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Old 04-25-2009, 05:08 PM   #16
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I fail to see how implementing high-speed rails in smaller, suburban towns leads to urbanization, warts and all. This would be greatly beneficial for the countless number of suburbs around Chicago; by linking them together, there would be a greatly reduced numbered of commuter cars on the highways, reducing the norm of rush hour traffic delays.

How would increasing different forms of transportation cause decay is smaller communities? Now that everyone has a short trip to outlying areas, would all of the "bad people" migrate into the "nice" towns? Poorer people living in seemingly isolated ghettos can now escape the slums, through the rails. Naturally, I'm sure it's a very human response, but I can't see how providing benefits for the disadvantaged can corrupt more well-off communities.
Keep in mind the context in which she was responding. Darth Yuthura said she would HAVE to move to the city to take advantage of this.

My major problem with maglev and another train is that it's a bit like using a chainsaw to cut steak. It's wasteful and impractical. Drive from your house to the train station. Wait for train to board. board. Wait for train to depart. WOOSH! get to destination. depart. join the mass of people rushing to get cabs. Not to mention that it is still easier and faster just to drive yourself there. PLUS driving yourself there means you can go at more or less your own pace. You don't have to meet the train's schedule. That's the reason a person would rather have a car. if they need a car to make the train why not just take that car to the destination.

It just doesn't make sense. With the city sprawled out you could find yourself driving just as far to get to the station as it would be just to drive to the destination. So it really comes down to fundamental questions.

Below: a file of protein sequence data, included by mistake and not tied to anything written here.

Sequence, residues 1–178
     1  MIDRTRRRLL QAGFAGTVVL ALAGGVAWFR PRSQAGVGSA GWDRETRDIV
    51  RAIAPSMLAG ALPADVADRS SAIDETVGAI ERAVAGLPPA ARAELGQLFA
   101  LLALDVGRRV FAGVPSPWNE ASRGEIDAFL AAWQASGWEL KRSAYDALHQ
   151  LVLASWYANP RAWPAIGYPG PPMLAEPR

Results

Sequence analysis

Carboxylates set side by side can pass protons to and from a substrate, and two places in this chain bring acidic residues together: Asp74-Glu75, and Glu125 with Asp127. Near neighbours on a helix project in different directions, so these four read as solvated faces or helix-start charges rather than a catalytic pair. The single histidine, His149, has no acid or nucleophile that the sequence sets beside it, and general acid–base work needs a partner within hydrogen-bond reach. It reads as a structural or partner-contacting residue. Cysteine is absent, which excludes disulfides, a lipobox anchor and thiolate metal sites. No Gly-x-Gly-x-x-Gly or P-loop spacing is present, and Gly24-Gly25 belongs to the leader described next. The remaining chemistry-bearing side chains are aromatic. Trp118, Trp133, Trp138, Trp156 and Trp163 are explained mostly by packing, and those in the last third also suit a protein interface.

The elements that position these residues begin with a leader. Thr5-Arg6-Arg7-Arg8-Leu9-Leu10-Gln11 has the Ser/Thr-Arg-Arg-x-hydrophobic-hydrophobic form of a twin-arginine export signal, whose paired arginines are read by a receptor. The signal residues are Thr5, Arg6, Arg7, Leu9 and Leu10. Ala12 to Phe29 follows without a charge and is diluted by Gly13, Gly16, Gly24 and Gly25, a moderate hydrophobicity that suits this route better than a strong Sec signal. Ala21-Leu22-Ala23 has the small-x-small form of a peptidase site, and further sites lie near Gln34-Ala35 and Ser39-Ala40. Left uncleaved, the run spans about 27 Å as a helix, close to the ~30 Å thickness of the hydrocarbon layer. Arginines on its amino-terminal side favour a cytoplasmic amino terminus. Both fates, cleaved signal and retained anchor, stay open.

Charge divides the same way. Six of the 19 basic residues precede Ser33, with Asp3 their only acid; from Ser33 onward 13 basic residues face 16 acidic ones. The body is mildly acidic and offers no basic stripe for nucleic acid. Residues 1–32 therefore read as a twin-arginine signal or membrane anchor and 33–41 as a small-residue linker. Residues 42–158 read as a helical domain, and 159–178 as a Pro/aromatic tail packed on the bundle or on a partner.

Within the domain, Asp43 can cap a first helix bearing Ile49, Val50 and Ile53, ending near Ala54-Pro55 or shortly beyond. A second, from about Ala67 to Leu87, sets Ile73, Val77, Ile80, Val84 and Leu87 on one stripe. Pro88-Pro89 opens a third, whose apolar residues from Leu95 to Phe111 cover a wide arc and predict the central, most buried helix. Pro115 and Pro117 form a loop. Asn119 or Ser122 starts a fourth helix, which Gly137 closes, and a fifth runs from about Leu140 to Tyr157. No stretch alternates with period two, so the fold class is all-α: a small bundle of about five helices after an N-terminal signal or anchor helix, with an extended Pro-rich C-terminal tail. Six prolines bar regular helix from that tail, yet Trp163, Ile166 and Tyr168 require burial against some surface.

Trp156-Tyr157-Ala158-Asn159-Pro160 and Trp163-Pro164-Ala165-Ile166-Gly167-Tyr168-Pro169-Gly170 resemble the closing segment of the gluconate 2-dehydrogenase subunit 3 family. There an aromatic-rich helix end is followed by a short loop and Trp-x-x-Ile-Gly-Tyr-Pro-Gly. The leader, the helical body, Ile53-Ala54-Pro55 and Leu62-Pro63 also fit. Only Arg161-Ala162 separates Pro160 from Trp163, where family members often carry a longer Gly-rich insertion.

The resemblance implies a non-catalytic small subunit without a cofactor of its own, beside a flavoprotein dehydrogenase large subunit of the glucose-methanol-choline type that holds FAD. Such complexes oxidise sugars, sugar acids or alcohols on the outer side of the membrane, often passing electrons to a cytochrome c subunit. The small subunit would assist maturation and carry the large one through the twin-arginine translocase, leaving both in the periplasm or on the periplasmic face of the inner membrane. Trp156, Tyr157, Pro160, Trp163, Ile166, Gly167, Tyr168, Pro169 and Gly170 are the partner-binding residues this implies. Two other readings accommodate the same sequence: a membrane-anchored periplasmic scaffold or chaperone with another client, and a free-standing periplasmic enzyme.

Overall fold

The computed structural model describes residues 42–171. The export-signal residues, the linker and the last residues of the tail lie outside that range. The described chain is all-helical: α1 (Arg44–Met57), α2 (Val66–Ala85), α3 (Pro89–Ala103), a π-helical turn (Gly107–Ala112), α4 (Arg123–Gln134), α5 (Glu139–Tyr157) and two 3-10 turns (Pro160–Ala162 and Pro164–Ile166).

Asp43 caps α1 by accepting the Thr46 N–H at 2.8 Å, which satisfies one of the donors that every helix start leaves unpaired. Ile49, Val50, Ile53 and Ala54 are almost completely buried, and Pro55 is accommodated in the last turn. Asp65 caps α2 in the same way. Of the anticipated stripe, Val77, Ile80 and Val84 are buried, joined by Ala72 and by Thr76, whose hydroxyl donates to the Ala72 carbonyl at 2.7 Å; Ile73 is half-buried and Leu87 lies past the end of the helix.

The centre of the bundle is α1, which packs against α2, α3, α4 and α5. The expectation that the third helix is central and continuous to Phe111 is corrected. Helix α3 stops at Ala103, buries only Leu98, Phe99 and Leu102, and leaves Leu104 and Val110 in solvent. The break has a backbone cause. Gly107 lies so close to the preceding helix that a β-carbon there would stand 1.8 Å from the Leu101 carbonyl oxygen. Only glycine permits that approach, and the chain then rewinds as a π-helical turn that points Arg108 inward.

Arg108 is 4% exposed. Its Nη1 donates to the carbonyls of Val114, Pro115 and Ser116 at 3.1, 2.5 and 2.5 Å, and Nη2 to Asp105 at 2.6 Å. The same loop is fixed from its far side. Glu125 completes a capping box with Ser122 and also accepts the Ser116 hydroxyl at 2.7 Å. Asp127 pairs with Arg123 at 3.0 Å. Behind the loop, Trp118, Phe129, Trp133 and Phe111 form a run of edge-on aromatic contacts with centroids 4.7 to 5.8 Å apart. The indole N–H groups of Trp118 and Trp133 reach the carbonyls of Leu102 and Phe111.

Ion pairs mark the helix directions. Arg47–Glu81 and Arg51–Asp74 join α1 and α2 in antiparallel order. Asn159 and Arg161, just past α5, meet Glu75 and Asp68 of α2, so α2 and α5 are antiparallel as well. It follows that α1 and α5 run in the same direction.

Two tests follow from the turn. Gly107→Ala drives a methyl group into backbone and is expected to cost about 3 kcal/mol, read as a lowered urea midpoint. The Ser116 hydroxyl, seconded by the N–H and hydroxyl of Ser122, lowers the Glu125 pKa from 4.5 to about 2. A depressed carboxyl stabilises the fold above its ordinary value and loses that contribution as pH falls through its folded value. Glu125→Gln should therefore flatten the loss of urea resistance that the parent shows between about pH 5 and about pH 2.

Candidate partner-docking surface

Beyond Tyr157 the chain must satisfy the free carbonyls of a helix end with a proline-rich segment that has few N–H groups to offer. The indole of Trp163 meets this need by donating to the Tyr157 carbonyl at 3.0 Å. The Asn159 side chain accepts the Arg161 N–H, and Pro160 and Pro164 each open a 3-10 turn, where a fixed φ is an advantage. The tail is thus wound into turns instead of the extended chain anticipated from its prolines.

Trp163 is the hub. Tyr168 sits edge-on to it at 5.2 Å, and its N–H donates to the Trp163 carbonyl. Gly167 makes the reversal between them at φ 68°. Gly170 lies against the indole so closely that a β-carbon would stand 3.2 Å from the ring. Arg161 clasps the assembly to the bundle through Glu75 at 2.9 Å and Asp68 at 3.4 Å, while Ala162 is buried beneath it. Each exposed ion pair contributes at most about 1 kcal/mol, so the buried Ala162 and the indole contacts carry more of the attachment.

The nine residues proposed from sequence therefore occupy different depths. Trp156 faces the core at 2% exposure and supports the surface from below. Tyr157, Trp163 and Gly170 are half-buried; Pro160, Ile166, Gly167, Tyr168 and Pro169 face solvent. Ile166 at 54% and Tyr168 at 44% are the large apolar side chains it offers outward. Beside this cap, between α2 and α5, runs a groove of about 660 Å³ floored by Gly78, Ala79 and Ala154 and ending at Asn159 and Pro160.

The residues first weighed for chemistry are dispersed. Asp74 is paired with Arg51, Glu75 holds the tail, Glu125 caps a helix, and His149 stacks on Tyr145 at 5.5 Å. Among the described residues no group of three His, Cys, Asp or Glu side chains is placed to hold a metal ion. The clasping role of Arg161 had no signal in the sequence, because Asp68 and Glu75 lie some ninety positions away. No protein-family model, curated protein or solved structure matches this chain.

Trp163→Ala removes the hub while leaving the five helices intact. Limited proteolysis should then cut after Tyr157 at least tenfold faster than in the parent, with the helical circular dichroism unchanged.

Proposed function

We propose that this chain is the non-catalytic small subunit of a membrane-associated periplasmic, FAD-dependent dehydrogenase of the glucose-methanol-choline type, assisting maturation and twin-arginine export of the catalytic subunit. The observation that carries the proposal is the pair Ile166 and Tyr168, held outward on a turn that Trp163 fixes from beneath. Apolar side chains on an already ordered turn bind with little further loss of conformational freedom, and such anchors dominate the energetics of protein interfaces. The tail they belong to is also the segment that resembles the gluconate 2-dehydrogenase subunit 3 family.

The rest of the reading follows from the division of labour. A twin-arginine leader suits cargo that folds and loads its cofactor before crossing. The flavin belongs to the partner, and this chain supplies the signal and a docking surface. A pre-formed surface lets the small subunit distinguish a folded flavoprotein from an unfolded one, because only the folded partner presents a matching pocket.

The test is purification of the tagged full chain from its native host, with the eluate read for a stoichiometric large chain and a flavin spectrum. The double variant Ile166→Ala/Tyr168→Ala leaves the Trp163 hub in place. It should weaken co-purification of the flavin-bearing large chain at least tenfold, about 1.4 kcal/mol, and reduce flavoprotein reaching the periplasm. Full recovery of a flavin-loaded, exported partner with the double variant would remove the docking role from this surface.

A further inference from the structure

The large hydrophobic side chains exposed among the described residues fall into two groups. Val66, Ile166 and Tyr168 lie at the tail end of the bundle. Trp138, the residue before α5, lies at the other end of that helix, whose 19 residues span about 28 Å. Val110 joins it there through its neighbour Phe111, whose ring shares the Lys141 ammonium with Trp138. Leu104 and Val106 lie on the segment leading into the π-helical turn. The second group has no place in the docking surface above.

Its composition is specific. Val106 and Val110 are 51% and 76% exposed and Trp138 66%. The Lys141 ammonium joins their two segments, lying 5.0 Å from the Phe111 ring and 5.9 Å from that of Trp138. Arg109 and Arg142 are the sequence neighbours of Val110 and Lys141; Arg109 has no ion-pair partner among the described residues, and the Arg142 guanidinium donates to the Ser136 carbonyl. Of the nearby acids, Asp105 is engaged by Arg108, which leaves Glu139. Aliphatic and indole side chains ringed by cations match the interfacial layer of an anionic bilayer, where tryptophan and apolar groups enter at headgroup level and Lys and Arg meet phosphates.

Does it do me any good? In my case, I live less than 10 miles from my work.
Will I ever use it? I go downtown once every 6 months.
Is there a better alternative to MagLev? Yup. A more efficient train from town center to town center. How about we give it a name... AmTrack sounds good.
Is it worth it? Aside from the coolness factor, I really can't see it.
Why should I pay for a VERY expensive inefficient train that chances are I'll never use?

Cargo transportation: Well we have freight trains. They are essentially huge hybrids. They are propelled by electric motors powered by diesel generators. They move massive amounts of cargo for hardly any fuel(relatively speaking).


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Old 04-24-2009, 05:27 PM   #17
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IMO, high-speed rails should be implemented in already existing urban and suburban communities which already frequently use trains, subways, and whatnot. Additionally, I'm sure many people would find it to be very beneficial to commute via train rather through cars or buses.

As far as taxpayer money goes; if the government has spent $5 billion for an aircraft carrier, then wouldn't mind seeing an additional $5 billion go into something that can make a real positive impact on someone.
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Old 04-24-2009, 05:35 PM   #18
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An enormous amount of fuel would be saved if we expanded our existing rail system and let it handle the bulk of ground shipping instead of using all of these damned tractor-trailers. Not to mention that it would make the highways a hell of a lot safer and less expensive to maintain.

But we wouldn't want to upset the almighty Teamster's Union, would we?


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Old 04-24-2009, 06:25 PM   #19
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I think that the money would be better spent on making the hydrogen fuel cell automobile practical to own. That would include developing a cost-effective, non-polluting method of producing hydrogen.


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Old 04-24-2009, 06:41 PM   #20
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I think that the money would be better spent on making the hydrogen fuel cell automobile practical to own. That would include developing a cost-effective, non-polluting method of producing hydrogen.
That's not so. Hydrogen fuel cells would result in the need for more energy than currently demanded for transportation. To strip hydrogen atoms from oxygen in water, you need a base source of energy. When the fuel cell powers a car, less energy is generated than what it took to produce the hydrogen.